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What You Should Know About the Evolving Emotet Threat

As employees continue working from home, organisations are having concerns about the security of their employees, especially when it comes to their working devices and network.  While both network and devices can be protected by various cybersecurity solutions, ensuring employees remain vigilant while they work from home is a difficult/an ongoing task.

Phishing scams continue to be a big concern for organisations as employees can easily fall victim to tempting offers online. A simple click is all it takes for malware to wreak havoc not only on an employee but the organisation they work for as well. Of all the threats online, one of the most concerning one is Emotet.

Emotet is a piece of malware that can infect your computer by arriving via infected attachments or embedded malicious URLs contained within emails that are designed to look legitimate. It can then access your address book and start sending out fake emails that seem to come from you.

This threat was first identified by security researchers back in 2014 and now, Emotet has surged back, impacting 5% of organisations globally after laying low for about five months in 2020. This is one threat that doesn’t seem to want to go away. Its modular form and ability to drop multiple, changing payloads makes Emotet a significant threat for cybersecurity researchers and IT teams all over the world.

According to the threat intelligent team at Malwarebytes Labs, Emotet botnets started pushing malspam actively on Friday, July 17th, using the same techniques as employed in its last wave of activity. Malicious emails contain either a URL or an attachment that, once clicked on or opened, launches the Emotet payload. One familiar technique is for the document to be sent as a reply within existing email threads.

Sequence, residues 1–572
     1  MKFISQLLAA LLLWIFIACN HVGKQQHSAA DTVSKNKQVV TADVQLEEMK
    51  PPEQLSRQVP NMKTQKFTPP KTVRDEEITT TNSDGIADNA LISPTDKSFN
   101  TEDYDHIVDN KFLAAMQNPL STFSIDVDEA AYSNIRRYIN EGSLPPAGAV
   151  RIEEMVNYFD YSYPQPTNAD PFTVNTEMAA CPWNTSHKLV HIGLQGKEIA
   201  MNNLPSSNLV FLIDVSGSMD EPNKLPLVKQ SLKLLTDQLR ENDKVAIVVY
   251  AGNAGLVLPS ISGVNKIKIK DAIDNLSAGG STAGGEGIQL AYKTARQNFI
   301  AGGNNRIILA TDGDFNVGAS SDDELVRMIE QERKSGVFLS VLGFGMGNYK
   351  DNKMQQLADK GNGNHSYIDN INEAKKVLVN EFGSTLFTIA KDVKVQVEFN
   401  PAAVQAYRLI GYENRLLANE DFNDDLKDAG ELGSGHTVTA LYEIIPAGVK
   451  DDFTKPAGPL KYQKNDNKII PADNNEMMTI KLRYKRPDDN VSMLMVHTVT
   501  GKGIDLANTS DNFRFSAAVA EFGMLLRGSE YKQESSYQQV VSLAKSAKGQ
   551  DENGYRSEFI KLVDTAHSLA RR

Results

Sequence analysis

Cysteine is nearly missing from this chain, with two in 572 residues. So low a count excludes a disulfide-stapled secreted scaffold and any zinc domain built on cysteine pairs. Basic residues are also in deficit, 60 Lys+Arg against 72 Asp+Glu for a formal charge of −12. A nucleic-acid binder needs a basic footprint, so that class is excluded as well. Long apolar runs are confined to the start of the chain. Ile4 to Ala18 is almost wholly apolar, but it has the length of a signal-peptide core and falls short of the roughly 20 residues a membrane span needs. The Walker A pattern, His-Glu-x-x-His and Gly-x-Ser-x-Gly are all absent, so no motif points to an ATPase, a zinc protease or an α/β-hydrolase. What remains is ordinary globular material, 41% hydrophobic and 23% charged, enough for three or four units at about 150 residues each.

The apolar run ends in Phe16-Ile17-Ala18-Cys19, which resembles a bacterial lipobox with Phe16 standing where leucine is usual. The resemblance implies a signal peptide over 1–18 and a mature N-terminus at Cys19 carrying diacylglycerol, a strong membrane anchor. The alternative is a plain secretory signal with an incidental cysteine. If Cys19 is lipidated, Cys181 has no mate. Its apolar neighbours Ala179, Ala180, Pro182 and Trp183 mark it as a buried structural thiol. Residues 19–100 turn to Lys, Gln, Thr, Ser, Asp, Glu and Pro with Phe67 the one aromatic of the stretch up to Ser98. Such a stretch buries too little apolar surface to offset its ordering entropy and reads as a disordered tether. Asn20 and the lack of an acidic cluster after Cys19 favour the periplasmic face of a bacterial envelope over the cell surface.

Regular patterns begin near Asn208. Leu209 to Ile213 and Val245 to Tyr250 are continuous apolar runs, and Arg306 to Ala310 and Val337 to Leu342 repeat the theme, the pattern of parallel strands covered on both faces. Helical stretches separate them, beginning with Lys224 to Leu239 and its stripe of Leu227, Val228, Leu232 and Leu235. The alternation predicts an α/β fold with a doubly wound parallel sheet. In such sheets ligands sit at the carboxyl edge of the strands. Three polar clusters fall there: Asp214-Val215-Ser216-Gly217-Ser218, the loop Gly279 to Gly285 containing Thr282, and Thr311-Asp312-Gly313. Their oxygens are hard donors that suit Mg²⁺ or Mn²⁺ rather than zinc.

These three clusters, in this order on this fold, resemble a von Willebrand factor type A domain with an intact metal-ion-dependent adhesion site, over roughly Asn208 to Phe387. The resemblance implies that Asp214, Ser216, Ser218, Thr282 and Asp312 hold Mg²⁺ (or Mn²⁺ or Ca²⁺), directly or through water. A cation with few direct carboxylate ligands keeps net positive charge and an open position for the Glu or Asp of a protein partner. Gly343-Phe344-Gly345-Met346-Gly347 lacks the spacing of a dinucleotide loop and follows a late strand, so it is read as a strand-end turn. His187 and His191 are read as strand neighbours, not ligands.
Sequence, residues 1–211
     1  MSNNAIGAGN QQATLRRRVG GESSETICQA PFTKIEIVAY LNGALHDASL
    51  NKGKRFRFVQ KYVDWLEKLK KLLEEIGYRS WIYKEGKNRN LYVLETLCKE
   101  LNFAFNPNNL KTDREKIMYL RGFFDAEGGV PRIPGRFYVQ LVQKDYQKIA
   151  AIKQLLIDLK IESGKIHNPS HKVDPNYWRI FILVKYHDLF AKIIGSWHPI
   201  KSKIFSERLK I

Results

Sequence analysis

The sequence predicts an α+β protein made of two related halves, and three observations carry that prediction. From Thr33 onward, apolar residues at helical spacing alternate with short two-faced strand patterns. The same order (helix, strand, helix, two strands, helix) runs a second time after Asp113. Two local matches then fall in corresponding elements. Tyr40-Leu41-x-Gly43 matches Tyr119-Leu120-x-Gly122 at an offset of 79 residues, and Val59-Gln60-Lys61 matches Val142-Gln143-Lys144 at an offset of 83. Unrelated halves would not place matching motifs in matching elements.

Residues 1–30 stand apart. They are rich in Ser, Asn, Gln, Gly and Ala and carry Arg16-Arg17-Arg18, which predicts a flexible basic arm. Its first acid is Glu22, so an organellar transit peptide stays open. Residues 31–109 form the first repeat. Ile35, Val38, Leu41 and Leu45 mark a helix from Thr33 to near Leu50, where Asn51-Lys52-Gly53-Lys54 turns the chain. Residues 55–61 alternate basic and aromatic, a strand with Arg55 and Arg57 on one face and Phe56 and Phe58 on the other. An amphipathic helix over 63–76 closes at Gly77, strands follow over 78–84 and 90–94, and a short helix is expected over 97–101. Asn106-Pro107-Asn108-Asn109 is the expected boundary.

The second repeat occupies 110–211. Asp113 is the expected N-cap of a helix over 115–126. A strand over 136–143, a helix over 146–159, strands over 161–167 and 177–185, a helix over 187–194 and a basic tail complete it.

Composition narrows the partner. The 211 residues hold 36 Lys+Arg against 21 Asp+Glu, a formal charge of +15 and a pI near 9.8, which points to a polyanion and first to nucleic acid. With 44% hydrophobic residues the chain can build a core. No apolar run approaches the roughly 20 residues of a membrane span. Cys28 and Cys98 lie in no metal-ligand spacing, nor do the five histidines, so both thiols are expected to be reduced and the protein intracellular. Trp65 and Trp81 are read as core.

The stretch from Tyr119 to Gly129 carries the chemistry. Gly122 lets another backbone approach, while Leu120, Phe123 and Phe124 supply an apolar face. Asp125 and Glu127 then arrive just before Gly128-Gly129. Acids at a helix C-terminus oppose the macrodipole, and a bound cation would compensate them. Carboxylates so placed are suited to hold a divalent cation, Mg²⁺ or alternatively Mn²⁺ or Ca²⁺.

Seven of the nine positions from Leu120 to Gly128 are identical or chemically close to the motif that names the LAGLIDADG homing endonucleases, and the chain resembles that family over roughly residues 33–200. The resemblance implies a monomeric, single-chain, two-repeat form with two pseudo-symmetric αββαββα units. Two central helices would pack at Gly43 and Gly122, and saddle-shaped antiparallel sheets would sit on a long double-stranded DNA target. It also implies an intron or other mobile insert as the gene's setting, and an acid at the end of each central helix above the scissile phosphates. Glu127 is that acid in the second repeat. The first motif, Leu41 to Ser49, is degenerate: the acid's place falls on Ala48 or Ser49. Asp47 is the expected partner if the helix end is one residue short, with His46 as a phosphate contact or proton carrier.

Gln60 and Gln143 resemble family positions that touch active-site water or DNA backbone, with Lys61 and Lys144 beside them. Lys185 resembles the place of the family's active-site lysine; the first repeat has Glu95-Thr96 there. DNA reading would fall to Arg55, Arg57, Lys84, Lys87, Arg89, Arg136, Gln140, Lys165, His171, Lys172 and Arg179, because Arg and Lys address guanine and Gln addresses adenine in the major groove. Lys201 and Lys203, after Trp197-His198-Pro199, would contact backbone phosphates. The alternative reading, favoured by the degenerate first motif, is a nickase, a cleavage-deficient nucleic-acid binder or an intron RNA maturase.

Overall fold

Originally designed as a banking Trojan aimed at stealing financial data, Emotet has evolved to become a major threat to users everywhere. Today, Emotet has evolved and continues to develop newer capabilities, including the ability to be VM-aware, avoid spam filters and be able to uninstall security programs. With the pandemic being a concern for many, Emotet spam campaigns pretend to be invoices, shipping information, COVID-19 information, resumes, financial documents or scanned documents.
 
Here’s what businesses can do to better protect their employees from the ever-evolving Emotet threat:

  • Training, Assessments and More Training: Ensure employees have continuous training and reminders on how to spot phishing attempts, especially those that are spoofed and how to report them.

  • Make sure employees DO NOT DOWNLOAD suspicious attachments or click on a shady-looking link. 

  • Consistently check for updates and apply patches on any software, systems or browsers that need them.

  • Limit the access towards sensitive workloads especially if they are being accessed from remote working employees.

  • Have stronger passwords with multi-factor authentication or consider rolling out a single password manager for your organisation.

  • Invest in anti-exploit technology that blocks malicious attachments and links from launching their payloads.

 

As one of the leaders in cybersecurity, Malwarebytes, has an Emotet emergency kit that can help businesses protect against malware like Emotet. Malwarebytes also protects against ransomware, malicious websites and other advanced online threats to ensure employees can work from home securely. 

To find out more, Malwarebytes will be organising a webinar on the 12th of November 2020. Businesses will be able to find out how they can better protect both their employees and organisations against threats like Emotet.
Click here to register.

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